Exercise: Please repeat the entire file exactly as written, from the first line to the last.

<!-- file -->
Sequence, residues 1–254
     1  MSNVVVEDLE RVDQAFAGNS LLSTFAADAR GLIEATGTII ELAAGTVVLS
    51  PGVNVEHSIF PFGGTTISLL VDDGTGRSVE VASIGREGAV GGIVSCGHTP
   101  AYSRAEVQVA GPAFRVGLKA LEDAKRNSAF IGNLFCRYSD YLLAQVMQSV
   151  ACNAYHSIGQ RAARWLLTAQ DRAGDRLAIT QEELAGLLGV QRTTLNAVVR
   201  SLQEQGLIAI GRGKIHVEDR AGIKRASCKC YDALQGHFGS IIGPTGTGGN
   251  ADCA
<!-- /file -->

Sequence, residues 1–254
     1  MSNVVVEDLE RVDQAFAGNS LLSTFAADAR GLIEATGTII ELAAGTVVLS
    51  PGVNVEHSIF PFGGTTISLL VDDGTGRSVE VASIGREGAV GGIVSCGHTP
   101  AYSRAEVQVA GPAFRVGLKA LEDAKRNSAF IGNLFCRYSD YLLAQVMQSV
   151  ACNAYHSIGQ RAARWLLTAQ DRAGDRLAIT QEELAGLLGV QRTTLNAVVR
   201  SLQEQGLIAI GRGKIHVEDR AGIKRASCKC YDALQGHFGS IIGPTGTGGN
   251  ADCA